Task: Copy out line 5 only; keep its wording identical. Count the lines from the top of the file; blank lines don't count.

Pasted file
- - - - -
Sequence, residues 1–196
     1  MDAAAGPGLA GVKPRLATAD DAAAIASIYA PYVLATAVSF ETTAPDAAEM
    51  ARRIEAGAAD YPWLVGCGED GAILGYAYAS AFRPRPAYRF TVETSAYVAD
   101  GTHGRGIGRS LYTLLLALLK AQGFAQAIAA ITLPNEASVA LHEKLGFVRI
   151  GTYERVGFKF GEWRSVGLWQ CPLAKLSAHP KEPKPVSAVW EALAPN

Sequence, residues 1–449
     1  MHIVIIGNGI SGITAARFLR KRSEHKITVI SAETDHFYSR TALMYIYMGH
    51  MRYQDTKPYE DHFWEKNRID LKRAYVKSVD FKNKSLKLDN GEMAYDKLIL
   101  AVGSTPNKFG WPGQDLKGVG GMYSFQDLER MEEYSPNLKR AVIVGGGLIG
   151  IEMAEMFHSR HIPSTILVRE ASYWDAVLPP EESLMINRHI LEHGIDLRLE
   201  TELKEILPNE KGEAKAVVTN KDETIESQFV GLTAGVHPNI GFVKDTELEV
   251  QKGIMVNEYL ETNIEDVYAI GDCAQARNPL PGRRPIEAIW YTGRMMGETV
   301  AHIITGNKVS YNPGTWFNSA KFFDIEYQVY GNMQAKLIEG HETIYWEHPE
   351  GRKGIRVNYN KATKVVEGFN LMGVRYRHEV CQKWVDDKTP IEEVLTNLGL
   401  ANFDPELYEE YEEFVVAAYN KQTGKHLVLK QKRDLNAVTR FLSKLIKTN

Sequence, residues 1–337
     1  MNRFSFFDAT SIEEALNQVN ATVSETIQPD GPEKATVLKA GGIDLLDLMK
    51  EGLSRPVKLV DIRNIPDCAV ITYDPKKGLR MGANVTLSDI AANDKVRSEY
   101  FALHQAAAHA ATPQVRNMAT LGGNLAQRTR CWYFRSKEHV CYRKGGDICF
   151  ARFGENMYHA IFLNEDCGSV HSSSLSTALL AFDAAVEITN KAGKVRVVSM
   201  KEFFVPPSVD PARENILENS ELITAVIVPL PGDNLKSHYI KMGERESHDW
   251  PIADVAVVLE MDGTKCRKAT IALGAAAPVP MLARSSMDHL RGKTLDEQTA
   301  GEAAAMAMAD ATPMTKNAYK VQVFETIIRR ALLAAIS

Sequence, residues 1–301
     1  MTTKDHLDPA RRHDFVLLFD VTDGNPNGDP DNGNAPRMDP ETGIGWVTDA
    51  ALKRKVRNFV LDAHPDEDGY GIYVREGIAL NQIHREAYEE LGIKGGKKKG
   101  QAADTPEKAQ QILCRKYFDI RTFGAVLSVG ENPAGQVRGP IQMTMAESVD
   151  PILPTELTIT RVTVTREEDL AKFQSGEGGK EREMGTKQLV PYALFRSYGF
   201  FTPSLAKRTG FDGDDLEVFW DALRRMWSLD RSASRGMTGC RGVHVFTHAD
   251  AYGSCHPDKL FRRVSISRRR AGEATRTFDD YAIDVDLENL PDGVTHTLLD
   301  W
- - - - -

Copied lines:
   151  GTYERVGFKF GEWRSVGLWQ CPLAKLSAHP KEPKPVSAVW EALAPN